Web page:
For the younger generation of your family, education is likely to be the greatest expense. You may already be paying for private school tuition. It’s likely that you are facing current or future costs for higher education, whether your children want to obtain technical or professional skills before they enter the workplace.

According to the College Board, the average published cost of tuition, room, and board for a year at a public four-year college was over $19,000 in 2018-19, while that cost for a private four-year college topped $46,000. Add in more than $42,000 per year for a private university master’s degree and in excess of $58,000 per year for a doctoral degree and it’s easy to see how education can become a very significant expense.

Today, 529 plans provide tax-free investment growth and withdrawals for qualified education expenses and are a path to funding college that may be worth considering. If you start saving in a 529 account when your children are young, you can take advantage of tax savings and compounding interest and even, in some states, a tax deduction for contributions. The IRS has not set specific contribution limits for 529 accounts, but most states do set limits of $300,000 or more.

529s are specifically for qualified higher education expenses—tuition, fees, room and board, textbooks, computers, and other necessary equipment. Be aware that any earnings that are withdrawn for non-qualified expenses are subject to income taxes plus a 10% penalty. There is, however, no penalty to withdraw principal.

With the rising costs of university, it’s important to also gather information about other resources such as loans, scholarships, grants, and work/study programs. As a member of the sandwich generation, you need to make all your funds stretch as far as they can go. Hopefully, you can enlist your children to play a part, too, in ensuring they get the best education for their goals at the best cost.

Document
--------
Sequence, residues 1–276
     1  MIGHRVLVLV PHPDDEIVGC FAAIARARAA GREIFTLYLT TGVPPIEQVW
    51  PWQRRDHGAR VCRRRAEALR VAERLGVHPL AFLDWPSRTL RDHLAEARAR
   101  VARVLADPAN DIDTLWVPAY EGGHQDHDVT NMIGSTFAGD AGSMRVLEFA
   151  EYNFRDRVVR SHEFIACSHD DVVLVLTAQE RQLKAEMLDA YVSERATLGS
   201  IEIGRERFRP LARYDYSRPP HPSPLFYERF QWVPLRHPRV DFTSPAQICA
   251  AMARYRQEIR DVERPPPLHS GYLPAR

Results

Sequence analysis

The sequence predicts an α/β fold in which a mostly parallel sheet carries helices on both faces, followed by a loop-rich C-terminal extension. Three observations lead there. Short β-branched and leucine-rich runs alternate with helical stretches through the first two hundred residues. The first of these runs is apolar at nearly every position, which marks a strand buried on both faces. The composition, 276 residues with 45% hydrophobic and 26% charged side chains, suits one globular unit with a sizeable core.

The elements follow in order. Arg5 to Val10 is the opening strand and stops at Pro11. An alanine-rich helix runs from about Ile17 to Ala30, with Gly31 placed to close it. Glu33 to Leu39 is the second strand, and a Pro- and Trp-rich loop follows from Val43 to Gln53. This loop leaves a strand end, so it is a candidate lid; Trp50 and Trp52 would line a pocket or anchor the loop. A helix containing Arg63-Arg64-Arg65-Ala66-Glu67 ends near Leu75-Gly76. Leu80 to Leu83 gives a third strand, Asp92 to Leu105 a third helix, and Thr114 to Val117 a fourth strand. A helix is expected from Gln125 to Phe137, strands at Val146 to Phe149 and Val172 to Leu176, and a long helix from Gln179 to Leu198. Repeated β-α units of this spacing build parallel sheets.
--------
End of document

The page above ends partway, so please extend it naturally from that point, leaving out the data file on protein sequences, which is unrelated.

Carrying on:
Don’t Neglect Yourselves: Retirement Savings

Unfortunately, one of the things that can happen to the Sandwich Generation is the neglect or derailment of their own retirement plans. It’s important for this not to happen to you. You will be the older generation soon enough and you don’t want to be a burden to your children or find yourself in poor financial condition because you did the hard work of helping others.

Contributing enough to at least get the maximum employer match possible is usually a good idea to start with as a minimum. However, you will probably need to do more to ensure a comfortable retirement. Explore all your options with your financial planner. See if it’s in your best interest to maximize contributions to tax-advantaged accounts such as a 401(k)s, 403(b)s, or Roth IRAs. Build an investment portfolio that properly balances risk and reward for your age and goals. Diversify your assets appropriately and re-evaluate your holdings regularly to ensure that you’re still on track.

Whatever tools are best for you, make good use of them. Don’t forget your own needs while you are taking care of others. Speak to a United Capital financial advisor to discuss your situation and start living the life you want.

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Goldman Sachs Personal Financial Management

United Capital Financial Advisers, LLC d/b/a Goldman Sachs Personal Financial Management (“GS PFM”) is a registered investment adviser and an affiliate of Goldman Sachs & Co. LLC and subsidiary of The Goldman Sachs Group, Inc., a worldwide, full-service investment banking, broker-dealer, asset management, and financial services organization.

The information contained herein is intended for informational purposes only, is not a recommendation to buy or sell any securities, and should not be considered investment advice. GS PFM does not provide legal, tax, or accounting advice. Clients should obtain their own independent legal, tax, or accounting advice based on their particular circumstances. Please contact your financial adviser with questions about your specific needs and circumstances.

Information and opinions expressed by individuals other than GS PFM employees do not necessarily reflect the view of GS PFM. Information and opinions expressed in this article are as of the date of this material only and subject to change without notice.